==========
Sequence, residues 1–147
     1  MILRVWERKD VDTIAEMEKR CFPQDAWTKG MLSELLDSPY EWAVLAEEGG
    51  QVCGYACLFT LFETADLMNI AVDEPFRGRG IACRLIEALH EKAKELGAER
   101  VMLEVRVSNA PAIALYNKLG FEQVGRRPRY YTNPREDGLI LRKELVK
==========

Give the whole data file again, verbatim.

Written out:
Sequence, residues 1–147
     1  MILRVWERKD VDTIAEMEKR CFPQDAWTKG MLSELLDSPY EWAVLAEEGG
    51  QVCGYACLFT LFETADLMNI AVDEPFRGRG IACRLIEALH EKAKELGAER
   101  VMLEVRVSNA PAIALYNKLG FEQVGRRPRY YTNPREDGLI LRKELVK